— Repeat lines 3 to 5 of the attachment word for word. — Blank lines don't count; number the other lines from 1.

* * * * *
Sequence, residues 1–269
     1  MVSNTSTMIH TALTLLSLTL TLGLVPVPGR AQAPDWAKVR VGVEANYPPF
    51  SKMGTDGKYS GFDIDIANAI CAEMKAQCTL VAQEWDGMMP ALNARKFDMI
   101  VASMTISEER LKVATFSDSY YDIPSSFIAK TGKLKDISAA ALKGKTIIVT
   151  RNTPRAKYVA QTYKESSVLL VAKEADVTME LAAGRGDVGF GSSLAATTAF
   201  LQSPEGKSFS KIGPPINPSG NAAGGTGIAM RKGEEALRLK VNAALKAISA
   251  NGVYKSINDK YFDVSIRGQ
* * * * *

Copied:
    51  SKMGTDGKYS GFDIDIANAI CAEMKAQCTL VAQEWDGMMP ALNARKFDMI
   101  VASMTISEER LKVATFSDSY YDIPSSFIAK TGKLKDISAA ALKGKTIIVT
   151  RNTPRAKYVA QTYKESSVLL VAKEADVTME LAAGRGDVGF GSSLAATTAF